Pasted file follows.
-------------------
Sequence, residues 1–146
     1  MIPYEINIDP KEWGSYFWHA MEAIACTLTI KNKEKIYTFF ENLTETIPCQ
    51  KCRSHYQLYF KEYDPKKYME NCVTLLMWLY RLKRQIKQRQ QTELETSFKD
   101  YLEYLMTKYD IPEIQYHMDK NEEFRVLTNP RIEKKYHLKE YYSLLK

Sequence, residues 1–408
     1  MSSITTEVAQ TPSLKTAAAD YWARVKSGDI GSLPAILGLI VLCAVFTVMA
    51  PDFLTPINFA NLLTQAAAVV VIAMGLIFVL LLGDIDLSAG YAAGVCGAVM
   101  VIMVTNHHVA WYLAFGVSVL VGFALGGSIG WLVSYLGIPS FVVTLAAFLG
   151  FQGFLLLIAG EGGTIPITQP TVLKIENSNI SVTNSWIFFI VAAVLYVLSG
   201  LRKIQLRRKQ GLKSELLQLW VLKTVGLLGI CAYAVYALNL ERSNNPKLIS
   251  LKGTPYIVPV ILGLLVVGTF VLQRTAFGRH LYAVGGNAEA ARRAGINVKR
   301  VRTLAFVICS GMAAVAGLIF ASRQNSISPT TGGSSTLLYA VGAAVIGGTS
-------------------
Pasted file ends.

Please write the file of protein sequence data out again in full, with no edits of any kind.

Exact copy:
Sequence, residues 1–146
     1  MIPYEINIDP KEWGSYFWHA MEAIACTLTI KNKEKIYTFF ENLTETIPCQ
    51  KCRSHYQLYF KEYDPKKYME NCVTLLMWLY RLKRQIKQRQ QTELETSFKD
   101  YLEYLMTKYD IPEIQYHMDK NEEFRVLTNP RIEKKYHLKE YYSLLK

Sequence, residues 1–408
     1  MSSITTEVAQ TPSLKTAAAD YWARVKSGDI GSLPAILGLI VLCAVFTVMA
    51  PDFLTPINFA NLLTQAAAVV VIAMGLIFVL LLGDIDLSAG YAAGVCGAVM
   101  VIMVTNHHVA WYLAFGVSVL VGFALGGSIG WLVSYLGIPS FVVTLAAFLG
   151  FQGFLLLIAG EGGTIPITQP TVLKIENSNI SVTNSWIFFI VAAVLYVLSG
   201  LRKIQLRRKQ GLKSELLQLW VLKTVGLLGI CAYAVYALNL ERSNNPKLIS
   251  LKGTPYIVPV ILGLLVVGTF VLQRTAFGRH LYAVGGNAEA ARRAGINVKR
   301  VRTLAFVICS GMAAVAGLIF ASRQNSISPT TGGSSTLLYA VGAAVIGGTS